A Dryish canyon


Mandy and I


Another last minute decision on where to head for a Sunday walk had us heading for a small canyon where we knew we’d be getting out feet wet. Oh well it wasn’t that cold.

No really.

Anyhoo. The trip out was uneventful and we head down to the creek and do our best to stay on either bank for as long as possible.

Eventually, after crossing the narrow stream a few times there was no choice but to roll up the pant legs and step in…

It wasn’t that bad. It was cold but not freeze-your-arse-off-that’s-so-cold-it-hurts type cold. More a refreshing cold.

It’s an interesting bit of creek this. It ducks in under these long overhangs and at times disappears altogether as it runs through tight tunnels.

Just after this cool little arch the walls narrow up and it gets canyony

Mandy under the arch

There are lots of canyon sections on this particular creek  and it’s tributaries but this is the easiest to get to and despite being fairy short it is very pretty.

Just before the canyon open out we veer up a narrow side canyon. I was expecting it to be nice but it blew me away a little by just how pretty it was.

This might be the nicest canyon we’ve ever been through, says Mandy.

Big call, but for ease of access while still maintaining the off track exploratory feel coupled with a stunningly beautiful canyon formation I’m not sure I can argue to much.

We head up through the side canyon and it opens into a cliff lined amphitheater which is every bit as stunning. It truly had a magical feel to it. I could have spent all day there in that cave. I’ve lived in worse…

But we need to move on. We continue down stream a bit but the good flow of water plunges down a hole and disappears again. We can hear it gurgling through the tunnel below us but there is no room for us to squeeze in.

We follow the now dry creek bed down another couple of hundred meters, scrambling over boulder chokes and some of the biggest fallen trees I’ve seen, to the point where the water reemerges for it’s subterranean wandering but the canyon has opened out into a wider, scrub filled gorge and we decide to retrace our steps back up through the canyon to a camp cave for lunch.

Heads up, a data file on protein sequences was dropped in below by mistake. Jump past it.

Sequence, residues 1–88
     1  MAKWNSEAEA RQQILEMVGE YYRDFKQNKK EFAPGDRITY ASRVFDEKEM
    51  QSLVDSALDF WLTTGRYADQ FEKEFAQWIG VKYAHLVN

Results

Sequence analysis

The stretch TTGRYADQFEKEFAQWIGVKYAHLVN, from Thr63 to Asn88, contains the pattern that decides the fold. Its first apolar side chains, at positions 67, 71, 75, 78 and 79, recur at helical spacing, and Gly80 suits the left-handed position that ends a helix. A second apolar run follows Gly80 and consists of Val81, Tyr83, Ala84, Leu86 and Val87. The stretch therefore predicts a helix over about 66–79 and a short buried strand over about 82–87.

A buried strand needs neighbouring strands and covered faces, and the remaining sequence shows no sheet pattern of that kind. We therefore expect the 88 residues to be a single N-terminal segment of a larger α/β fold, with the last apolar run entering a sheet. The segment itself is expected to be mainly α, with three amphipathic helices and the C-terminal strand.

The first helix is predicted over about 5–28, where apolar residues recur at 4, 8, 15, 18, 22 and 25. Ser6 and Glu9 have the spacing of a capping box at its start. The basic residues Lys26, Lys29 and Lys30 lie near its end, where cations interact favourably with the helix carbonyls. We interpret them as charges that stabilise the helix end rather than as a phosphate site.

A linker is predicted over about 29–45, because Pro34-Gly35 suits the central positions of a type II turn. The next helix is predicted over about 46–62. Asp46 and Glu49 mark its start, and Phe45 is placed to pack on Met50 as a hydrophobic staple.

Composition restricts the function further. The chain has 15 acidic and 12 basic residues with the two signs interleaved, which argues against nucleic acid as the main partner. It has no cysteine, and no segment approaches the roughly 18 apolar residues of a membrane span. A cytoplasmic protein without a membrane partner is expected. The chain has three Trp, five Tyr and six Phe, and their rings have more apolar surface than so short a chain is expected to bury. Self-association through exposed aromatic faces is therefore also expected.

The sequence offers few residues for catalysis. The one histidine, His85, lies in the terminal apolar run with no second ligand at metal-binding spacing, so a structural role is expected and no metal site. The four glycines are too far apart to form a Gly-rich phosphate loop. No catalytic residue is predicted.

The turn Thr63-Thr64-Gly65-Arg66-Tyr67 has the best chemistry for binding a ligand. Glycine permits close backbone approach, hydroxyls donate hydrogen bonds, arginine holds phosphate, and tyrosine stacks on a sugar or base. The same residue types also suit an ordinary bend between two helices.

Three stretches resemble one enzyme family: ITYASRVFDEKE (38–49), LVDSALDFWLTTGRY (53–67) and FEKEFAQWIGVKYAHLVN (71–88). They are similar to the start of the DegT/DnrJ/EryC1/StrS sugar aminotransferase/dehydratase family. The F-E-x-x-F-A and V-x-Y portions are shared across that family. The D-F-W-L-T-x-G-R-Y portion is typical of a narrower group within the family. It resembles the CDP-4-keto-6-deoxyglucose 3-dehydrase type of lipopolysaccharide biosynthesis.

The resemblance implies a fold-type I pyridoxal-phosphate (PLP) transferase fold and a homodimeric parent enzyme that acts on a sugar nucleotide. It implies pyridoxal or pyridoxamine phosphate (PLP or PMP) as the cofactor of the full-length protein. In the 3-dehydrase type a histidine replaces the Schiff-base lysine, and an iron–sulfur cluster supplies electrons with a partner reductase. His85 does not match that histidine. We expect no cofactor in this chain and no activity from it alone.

Along the way we come to a small pool of crystal clear water, the allure was too much for Mandy who decided to strip off for a quick dip. She didn’t long in there before needing the comfort of dry, warm clothes.

We stop at the cave and enjoy some ham sandwiches and fresh walnuts before, reluctantly, leaving this magical place behind to head back to civilization.


It may not look like it but this burnt out log spans a mini chasm. It s a good meter drop into the water if you loose your balance or the log snaps in half
So many interesting rock faces
The creek starts to form a canyon
I don’t even remember framing this shot, but nice reflection


Easily the nicest cave I’ve come across



Nice spot to sit and reflect on life, time and the universe











Party size: 2

Time: 3hrs car to car with lots of photos and a bit of a swim


Continued 2 weeks later

4 thoughts on “A Dryish canyon

      1. Yes, I went down there about 12 months ago, following directions in the Michael Keates book looking for these amazing tunnels – got through the canyon section not realising they were the tunnels and kept on walking thinking that I’d missed them. xxxxxx is very nice – I was actually on an overnight down Dumbano and 2 of the people I had with me weren’t up to it, so I exited right (at a convenient spot), if I’d know I was going to pull out I would have spent more time in xxxxxx. Still have plans to go down xxxxxxx probably from where I exited the last time all the way down to Cesspit.


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